• Choose an asset allocation mix that fits you. While diversification is the overall strategy, your ideal asset allocation—how much of each type of investment — should be based on the profile I mentioned earlier and how much time you have to save. The right amount of risk should be enough to keep your investments growing, but not too much to keep you up at night.
  • Stick to your plan. Once you have all the pieces in place — goals outlined, a mix of investments in the right portions that fit your profile and goals — commit to your plan and stay with it.

In part two, I’ll discuss more smart investing habits, including ways to stay on track, when to review your plan and when to make changes.

In the meantime, take advantage of the experience and expertise of our Investment Consultants. Contact us to get help developing a plan or confirm one you already have. Our team is here to help.

  1. Vasel, Kathryn, 6 in 10 Americans don’t have $500 in savings, CNN Money, January 2017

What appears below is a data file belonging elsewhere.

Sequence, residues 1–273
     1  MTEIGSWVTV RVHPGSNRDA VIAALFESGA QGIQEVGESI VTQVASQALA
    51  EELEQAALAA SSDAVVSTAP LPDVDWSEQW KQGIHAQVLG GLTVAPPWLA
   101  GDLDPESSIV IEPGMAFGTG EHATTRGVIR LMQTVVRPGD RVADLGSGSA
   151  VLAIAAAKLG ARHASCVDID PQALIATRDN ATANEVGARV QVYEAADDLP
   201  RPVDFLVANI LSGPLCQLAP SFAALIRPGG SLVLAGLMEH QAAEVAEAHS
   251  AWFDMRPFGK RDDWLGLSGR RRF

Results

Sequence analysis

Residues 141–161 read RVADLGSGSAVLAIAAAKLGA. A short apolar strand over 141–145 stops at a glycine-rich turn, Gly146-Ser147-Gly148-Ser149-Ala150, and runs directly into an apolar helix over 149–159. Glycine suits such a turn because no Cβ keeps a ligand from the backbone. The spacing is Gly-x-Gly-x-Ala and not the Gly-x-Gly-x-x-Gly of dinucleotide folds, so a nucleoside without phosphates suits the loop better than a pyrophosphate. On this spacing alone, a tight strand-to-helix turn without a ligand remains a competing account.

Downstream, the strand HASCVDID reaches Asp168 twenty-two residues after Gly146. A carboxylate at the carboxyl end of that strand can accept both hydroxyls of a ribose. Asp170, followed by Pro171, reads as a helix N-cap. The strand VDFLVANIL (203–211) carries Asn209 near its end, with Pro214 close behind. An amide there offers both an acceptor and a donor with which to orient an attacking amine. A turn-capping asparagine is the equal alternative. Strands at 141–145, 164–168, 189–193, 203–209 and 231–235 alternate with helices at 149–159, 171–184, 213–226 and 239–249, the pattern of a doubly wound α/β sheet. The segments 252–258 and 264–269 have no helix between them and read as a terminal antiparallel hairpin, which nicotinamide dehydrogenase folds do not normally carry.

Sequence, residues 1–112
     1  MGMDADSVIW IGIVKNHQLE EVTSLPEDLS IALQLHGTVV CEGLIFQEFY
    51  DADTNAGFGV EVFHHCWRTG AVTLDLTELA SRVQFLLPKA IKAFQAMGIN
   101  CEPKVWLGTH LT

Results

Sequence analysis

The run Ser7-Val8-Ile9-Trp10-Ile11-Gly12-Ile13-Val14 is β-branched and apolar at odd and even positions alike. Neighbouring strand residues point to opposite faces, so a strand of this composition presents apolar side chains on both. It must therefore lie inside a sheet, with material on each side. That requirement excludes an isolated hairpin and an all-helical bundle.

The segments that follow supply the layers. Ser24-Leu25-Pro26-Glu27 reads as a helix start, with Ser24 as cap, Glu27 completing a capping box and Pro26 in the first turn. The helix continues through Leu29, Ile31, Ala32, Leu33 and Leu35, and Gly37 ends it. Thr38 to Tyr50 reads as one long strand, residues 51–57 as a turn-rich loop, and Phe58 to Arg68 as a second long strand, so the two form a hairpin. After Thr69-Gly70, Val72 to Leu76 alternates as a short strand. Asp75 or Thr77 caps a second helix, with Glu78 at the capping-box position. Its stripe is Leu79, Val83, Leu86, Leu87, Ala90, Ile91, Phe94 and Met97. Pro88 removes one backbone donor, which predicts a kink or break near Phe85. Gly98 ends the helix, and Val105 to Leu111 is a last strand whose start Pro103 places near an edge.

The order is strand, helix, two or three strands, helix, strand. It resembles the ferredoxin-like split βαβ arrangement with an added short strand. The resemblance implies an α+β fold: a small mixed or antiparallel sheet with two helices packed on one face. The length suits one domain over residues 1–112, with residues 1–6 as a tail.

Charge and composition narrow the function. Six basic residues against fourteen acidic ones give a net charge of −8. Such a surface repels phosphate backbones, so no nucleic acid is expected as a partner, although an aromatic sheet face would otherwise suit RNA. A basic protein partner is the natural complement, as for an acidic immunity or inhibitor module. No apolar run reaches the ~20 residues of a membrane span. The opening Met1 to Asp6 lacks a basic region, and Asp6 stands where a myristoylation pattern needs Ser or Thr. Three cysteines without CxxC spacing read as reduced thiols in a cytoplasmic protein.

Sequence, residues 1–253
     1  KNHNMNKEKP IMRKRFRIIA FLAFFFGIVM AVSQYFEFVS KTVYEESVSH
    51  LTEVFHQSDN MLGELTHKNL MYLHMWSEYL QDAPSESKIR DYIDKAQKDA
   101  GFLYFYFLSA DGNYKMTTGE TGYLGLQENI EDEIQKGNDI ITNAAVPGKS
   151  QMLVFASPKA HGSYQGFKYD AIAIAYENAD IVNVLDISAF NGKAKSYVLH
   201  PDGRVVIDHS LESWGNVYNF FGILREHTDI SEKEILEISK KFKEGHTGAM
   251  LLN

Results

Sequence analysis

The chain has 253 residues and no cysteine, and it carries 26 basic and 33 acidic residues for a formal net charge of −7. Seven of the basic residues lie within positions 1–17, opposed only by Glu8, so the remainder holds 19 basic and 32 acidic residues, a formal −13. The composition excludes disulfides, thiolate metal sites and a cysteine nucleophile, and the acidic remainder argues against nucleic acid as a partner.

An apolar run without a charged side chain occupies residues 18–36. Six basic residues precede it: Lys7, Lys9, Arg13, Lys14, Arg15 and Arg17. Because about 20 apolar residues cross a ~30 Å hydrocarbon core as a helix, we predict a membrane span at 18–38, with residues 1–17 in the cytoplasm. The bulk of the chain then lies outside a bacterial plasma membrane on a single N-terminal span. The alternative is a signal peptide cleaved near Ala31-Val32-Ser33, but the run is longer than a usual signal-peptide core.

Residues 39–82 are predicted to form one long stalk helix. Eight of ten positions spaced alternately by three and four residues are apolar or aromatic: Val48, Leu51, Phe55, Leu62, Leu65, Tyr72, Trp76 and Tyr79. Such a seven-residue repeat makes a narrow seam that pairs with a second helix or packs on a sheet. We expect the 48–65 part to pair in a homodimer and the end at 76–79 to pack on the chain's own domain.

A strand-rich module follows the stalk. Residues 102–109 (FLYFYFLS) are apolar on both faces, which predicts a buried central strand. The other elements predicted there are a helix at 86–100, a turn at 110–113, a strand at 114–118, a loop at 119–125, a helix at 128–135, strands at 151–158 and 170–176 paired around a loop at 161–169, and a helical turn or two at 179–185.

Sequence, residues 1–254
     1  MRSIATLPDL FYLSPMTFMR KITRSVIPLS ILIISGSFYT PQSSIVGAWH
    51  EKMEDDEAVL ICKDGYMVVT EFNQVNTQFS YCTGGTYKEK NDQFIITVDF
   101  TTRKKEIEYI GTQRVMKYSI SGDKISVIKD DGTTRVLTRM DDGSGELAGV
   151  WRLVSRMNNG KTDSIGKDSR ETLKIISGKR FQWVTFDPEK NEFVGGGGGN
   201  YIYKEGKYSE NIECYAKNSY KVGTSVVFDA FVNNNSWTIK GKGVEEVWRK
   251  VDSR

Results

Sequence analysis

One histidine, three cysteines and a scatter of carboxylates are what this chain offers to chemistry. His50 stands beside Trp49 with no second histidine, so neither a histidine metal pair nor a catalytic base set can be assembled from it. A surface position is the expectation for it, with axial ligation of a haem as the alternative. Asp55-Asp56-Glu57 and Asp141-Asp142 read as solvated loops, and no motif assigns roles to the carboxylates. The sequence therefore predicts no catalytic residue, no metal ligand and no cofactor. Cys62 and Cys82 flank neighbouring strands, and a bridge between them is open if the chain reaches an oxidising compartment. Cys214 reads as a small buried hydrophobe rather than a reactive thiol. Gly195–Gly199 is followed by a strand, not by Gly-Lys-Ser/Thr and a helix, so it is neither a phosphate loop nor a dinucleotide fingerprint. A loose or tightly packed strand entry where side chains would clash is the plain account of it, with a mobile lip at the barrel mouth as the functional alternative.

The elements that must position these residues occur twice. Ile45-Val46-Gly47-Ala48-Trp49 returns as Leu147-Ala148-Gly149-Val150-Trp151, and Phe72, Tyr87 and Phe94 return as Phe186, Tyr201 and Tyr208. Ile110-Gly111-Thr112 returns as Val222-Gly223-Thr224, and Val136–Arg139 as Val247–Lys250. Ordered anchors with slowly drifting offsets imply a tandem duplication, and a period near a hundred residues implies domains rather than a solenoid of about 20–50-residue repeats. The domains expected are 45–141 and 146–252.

2. Majority of Americans Are Saving, But Most Lack a Financial Plan, Advisor Magazine, April 2016
  3. The 2017 Retirement Confidence Survey, Employee Benefit Research Institute (EBRI), March 2017
  4. Planning and Progress Study, 2016. Northwestern Mutual.
  5. Is misbehavior hurting your investment plan? Miami Herald, March 2017

Diversification does not assure a profit nor does it protect against loss of principal.

This information is for educational purposes only and is not intended as investment advice.

SHARE
Previous articleInvestment Rationale Trumps Politics
Next articleSecular Trends Over Policy Uncertainty
Jay Hummel
Jay Hummel is the senior vice president of direct sales and service at American Century Investments. He oversees the business strategy and execution of the retail direct business, which provides services to individual investors, employer retirement plans, educational savings accounts and clients using the firm’s self-directed brokerage platform. Growing up, Jay’s mom taught him to swing dance with the promise that it would help him pick up girls as he got older. Luckily, it worked on his wife.